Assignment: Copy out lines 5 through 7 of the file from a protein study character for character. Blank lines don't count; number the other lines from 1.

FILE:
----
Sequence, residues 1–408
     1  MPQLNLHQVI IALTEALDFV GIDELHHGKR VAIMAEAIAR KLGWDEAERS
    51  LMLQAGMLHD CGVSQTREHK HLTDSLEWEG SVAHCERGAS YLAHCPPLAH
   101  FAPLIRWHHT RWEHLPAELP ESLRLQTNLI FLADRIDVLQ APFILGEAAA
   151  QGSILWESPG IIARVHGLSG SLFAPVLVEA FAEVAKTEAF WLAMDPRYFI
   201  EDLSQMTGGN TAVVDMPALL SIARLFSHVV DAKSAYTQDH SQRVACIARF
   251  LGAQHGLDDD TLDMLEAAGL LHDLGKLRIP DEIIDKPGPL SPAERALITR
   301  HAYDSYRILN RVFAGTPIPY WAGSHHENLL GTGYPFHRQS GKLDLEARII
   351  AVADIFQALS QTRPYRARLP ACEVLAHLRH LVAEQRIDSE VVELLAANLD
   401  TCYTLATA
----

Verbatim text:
   151  QGSILWESPG IIARVHGLSG SLFAPVLVEA FAEVAKTEAF WLAMDPRYFI
   201  EDLSQMTGGN TAVVDMPALL SIARLFSHVV DAKSAYTQDH SQRVACIARF
   251  LGAQHGLDDD TLDMLEAAGL LHDLGKLRIP DEIIDKPGPL SPAERALITR